Citizen Scientists Gathered Data Linking Pathogen Bacteria and Rainfall
KEYPORT, NJ - NY/NJ Baykeeper, in collaboration with the NY-NJ Harbor and Estuary Program (HEP), the United States Environmental Protection Agency (USEPA), the Bayshore Regional Watershed Council (BRWC), Raritan Riverkeeper, the Lower Raritan Watershed Partnership (LRWP), and the Interstate Environmental Commission (IEC) released Raritan Bayshore water quality results signifying a correlation between rainfall and pathogen bacteria. The report can be accessed here.
A team of approximately 25 trained citizen scientists sampled nine non-bathing beaches on a weekly basis from June-October 2016. Locations sampled included Bayshore Waterfront Park; Beachway Ave, Keansburg; Cedar St., Keyport; Cliffwood Beach Waterfront Park, Aberdeen Township; Paul’s Beach, Laurence Harbor; Fishermen’s Beach, South Amboy; Route 35 (Victory) Bridge, Perth Amboy; 2nd Street, Perth Amboy; and Raritan Yacht Club, Perth Amboy. Volunteers participated in all stages of monitoring from sampling collection to laboratory testing.
“All of the sites we sampled lacked sufficient water quality data since they’re categorized as “non-bathing” beaches, although they are heavily used,” said Meredith Comi, Restoration Program Director, NY/NJ Baykeeper. “The conclusions drawn from this project help us determine the relative health of these beaches, which can be used to inform elected officials, agencies, and residents about their local water quality. We hope to replicate this study in the near future.”
Locations were tested for Enterococcus, a pathogen indicating the presence of fecal bacteria. Water sampling results signified that Enterococcus levels were much higher immediately following precipitation. The highest Enterococcus levels were found in Perth Amboy at the Route 35 Bridge and 2nd Street sites, both located next to CSO discharge pipes. If project locations were classified as bathing beaches, all 9 sites sampled would have had at least one sampling event that resulted in a beach closure, with the exception of Paul’s Beach in Laurence Harbor.
“Perth Amboy is a place where residents use their local waterways for subsistence fishing and swimming,” said Comi. “A better public notification system and more prominent signage is necessary to ensure safety at Combined Sewer Outfall discharge pipes. The public should avoid contact with waterways for at least 72 hours after rainfall to avoid contact with bacteria.”
"Water quality has always been a mystery to the average person enjoying Raritan Bay and Sandy Hook Bay,” said Joe Reynolds, Co-Chair, Bayshore Regional Watershed Council. “When going for a swim on a hot summer’s day one has to hope for the best that she or he doesn’t get any strange rashes or illnesses. This is why the all-volunteer Bayshore Regional Watershed Council was delighted to partner with the NY-NJ Baykeeper in getting local people involved in a citizen science water quality testing program for fecal coliform last summer. Not only did it take some of the secrecy out of water quality, but also it helped to raise awareness of the environmental challenges we confront in our local estuarine waters. If the state can't guarantee to the public that we have clean waters and beaches, then it must be up to community organizations and nonprofits to monitor water bacteria levels."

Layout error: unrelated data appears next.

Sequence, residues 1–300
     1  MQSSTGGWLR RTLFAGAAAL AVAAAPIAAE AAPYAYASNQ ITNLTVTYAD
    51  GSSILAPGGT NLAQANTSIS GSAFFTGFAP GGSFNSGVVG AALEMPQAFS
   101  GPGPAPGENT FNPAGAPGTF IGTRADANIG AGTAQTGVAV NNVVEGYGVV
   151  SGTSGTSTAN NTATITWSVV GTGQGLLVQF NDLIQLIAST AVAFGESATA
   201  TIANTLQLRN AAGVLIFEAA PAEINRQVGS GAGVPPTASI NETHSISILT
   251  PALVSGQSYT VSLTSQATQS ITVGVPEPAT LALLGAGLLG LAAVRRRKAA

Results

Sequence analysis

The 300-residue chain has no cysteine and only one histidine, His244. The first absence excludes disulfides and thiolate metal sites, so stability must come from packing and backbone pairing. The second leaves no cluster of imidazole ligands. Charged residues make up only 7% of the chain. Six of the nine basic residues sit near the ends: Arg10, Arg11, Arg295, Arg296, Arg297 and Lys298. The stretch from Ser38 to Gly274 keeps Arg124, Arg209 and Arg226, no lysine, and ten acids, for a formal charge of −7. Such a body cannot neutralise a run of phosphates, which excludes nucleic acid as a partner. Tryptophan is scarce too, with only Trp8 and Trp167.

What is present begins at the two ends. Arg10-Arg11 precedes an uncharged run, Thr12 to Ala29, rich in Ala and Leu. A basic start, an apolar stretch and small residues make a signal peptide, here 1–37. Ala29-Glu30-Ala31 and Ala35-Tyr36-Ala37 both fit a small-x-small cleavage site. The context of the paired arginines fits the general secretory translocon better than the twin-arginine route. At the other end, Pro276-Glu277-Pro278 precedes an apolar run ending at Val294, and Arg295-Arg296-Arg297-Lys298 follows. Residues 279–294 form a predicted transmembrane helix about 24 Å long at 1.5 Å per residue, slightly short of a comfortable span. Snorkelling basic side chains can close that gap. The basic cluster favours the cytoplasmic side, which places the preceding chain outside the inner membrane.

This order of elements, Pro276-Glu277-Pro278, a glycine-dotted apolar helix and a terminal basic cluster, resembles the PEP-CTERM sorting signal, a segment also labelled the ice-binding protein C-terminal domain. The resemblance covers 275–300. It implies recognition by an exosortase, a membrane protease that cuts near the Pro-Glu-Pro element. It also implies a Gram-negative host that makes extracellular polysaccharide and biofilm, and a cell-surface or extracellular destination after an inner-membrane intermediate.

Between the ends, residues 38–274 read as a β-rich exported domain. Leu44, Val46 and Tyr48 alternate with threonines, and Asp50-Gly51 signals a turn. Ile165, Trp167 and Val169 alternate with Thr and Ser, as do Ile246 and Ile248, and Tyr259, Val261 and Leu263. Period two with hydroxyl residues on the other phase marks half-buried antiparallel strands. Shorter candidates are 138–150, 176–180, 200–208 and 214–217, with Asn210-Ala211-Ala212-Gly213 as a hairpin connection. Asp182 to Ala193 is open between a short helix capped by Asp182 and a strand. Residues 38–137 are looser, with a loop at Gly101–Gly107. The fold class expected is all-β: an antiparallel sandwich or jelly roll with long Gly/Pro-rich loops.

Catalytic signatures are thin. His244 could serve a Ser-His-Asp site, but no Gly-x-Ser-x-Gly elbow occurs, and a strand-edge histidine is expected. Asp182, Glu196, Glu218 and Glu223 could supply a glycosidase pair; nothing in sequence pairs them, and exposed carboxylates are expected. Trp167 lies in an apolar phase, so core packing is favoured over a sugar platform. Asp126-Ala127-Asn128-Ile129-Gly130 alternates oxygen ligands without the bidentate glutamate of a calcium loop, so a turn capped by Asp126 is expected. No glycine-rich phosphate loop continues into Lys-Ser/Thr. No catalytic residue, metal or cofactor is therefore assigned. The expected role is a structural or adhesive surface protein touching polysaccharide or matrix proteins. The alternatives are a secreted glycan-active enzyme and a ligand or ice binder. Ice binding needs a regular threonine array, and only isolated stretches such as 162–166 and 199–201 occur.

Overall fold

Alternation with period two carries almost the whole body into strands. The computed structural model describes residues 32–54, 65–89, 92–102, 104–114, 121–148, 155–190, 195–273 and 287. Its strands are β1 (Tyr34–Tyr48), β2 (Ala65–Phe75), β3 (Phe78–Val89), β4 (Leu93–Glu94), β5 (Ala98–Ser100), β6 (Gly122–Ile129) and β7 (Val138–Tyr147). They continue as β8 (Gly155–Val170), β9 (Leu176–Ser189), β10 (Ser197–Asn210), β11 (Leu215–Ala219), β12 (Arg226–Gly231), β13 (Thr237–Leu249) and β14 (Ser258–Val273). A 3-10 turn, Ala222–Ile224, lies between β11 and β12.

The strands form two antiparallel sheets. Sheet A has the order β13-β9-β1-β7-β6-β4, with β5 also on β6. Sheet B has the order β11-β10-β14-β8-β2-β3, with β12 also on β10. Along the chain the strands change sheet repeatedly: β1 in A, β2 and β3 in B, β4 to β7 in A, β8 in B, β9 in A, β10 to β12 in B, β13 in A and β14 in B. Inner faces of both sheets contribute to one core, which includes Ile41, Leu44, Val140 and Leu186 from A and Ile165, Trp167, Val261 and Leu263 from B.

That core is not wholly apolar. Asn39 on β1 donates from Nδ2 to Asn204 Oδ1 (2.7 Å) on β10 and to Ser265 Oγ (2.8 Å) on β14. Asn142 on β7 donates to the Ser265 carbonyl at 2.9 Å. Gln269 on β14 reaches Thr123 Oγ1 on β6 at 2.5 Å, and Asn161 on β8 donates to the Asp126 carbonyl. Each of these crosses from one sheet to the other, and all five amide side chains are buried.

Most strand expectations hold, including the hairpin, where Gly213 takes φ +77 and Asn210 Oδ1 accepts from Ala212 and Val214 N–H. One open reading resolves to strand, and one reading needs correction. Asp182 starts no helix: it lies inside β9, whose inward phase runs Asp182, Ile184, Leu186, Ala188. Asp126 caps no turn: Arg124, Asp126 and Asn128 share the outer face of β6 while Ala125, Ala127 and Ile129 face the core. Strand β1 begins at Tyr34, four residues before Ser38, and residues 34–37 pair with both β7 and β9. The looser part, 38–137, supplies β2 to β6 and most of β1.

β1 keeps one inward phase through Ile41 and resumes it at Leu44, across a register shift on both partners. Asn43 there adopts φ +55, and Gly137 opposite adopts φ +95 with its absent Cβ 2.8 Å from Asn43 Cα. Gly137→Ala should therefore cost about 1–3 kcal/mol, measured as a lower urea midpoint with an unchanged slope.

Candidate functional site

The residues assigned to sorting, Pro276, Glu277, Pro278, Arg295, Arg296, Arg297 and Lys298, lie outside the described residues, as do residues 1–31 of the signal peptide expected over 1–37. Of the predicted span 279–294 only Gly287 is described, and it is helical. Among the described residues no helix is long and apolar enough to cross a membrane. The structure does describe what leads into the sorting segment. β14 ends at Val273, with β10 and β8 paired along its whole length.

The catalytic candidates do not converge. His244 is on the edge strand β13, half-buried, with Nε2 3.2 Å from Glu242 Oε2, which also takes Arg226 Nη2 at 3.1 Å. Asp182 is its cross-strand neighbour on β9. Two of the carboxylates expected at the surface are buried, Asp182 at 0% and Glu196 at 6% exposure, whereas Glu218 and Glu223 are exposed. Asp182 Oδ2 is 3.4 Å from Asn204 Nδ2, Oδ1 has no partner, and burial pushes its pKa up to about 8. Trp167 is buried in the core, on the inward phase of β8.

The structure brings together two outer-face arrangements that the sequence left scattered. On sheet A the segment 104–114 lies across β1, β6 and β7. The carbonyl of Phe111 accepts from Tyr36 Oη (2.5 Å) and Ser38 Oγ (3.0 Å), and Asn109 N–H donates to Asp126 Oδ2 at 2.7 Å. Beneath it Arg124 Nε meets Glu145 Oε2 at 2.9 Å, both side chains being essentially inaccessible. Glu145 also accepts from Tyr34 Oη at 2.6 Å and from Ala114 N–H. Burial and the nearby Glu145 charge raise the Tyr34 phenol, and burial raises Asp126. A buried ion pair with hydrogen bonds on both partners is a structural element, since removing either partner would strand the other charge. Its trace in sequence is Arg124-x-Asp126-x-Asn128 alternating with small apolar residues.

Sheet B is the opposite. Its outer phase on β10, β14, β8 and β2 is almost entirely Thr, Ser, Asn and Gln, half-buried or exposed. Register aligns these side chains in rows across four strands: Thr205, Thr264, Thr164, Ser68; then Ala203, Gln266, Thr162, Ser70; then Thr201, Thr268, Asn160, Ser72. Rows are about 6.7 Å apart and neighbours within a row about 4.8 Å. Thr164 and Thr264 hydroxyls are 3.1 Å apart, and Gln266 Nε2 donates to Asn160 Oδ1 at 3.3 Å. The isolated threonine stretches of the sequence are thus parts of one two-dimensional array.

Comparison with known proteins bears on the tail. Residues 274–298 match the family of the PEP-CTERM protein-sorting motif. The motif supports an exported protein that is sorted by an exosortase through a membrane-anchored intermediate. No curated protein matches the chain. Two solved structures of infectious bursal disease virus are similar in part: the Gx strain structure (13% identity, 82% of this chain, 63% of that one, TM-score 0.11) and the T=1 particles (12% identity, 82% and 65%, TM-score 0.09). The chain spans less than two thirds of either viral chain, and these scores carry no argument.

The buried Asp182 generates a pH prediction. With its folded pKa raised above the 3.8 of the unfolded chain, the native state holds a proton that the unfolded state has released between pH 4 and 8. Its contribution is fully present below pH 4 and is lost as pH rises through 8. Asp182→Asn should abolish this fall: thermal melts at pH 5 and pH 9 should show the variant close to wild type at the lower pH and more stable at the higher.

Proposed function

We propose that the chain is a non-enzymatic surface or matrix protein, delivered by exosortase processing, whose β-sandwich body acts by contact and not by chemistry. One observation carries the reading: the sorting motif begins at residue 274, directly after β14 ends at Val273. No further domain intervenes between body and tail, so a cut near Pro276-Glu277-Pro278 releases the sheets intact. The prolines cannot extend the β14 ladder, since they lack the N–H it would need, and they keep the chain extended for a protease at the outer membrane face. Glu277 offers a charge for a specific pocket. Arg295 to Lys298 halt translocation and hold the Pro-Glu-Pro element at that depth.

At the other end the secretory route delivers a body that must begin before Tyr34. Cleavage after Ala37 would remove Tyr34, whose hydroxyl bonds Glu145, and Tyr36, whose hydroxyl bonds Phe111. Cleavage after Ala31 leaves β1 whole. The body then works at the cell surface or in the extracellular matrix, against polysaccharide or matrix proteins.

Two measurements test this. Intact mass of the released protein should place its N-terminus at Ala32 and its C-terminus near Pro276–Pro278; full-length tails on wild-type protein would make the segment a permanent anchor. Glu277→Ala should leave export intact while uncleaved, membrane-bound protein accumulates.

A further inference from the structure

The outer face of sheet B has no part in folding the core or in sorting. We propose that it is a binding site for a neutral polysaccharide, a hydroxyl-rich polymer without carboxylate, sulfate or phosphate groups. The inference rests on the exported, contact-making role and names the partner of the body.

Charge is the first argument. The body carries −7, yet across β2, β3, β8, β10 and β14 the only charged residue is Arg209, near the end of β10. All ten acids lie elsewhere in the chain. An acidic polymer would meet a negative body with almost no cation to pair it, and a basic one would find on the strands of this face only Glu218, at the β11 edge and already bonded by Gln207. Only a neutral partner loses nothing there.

"The work of our civic science volunteers was meaningful in two primary ways,” said Heather Fenyk, Lower Raritan Watershed Partnership. “First, findings immediately informed day-to-day decisions about recreating in and around our non-swimming beaches. Second, as volunteers established new understandings of how to assess water quality and watershed health, they simultaneously contributed to a database that will inform future understandings of water quality changes related to climate and sea level rise. The Lower Raritan Watershed Partnership looks forward to working with NY/NJ Baykeeper to expand the non-swimming beach water quality monitoring program, with the goal of regularly communicating pathogens counts to the Lower Raritan Watershed community."
“We hope that our sampling work opens up a pathway to assessing the possibility of one day having a ‘wading beach’ in the area,” said Bill Schultz, Raritan Riverkeeper. “This sampling highlights the efforts of NY/NJ Baykeeper and the Raritan Riverkeeper to have our local marine waters swimmable and fishable. Woodbridge Township is also working on a kayak launch in the Keasbey section to increase public access to the Raritan River.”
The data produced in the report represents a snapshot of water quality in the area. NY/NJ Baykeeper strongly recommends the public to avoid contact with waterways at least 72 hours after rainfall. For those communities looking to better understand the conditions of their local waterways and safe use, NY/NJ Baykeeper strongly recommends working with the NJ Department of Environmental Protection (NJDEP) and the US Environmental Protection Agency (EPA) to develop water quality monitoring programs and obtaining further information to better inform decisions around water quality health and waterfront uses.
Funding for the water quality sampling program was made possible by the New York - New Jersey Harbor & Estuary Program.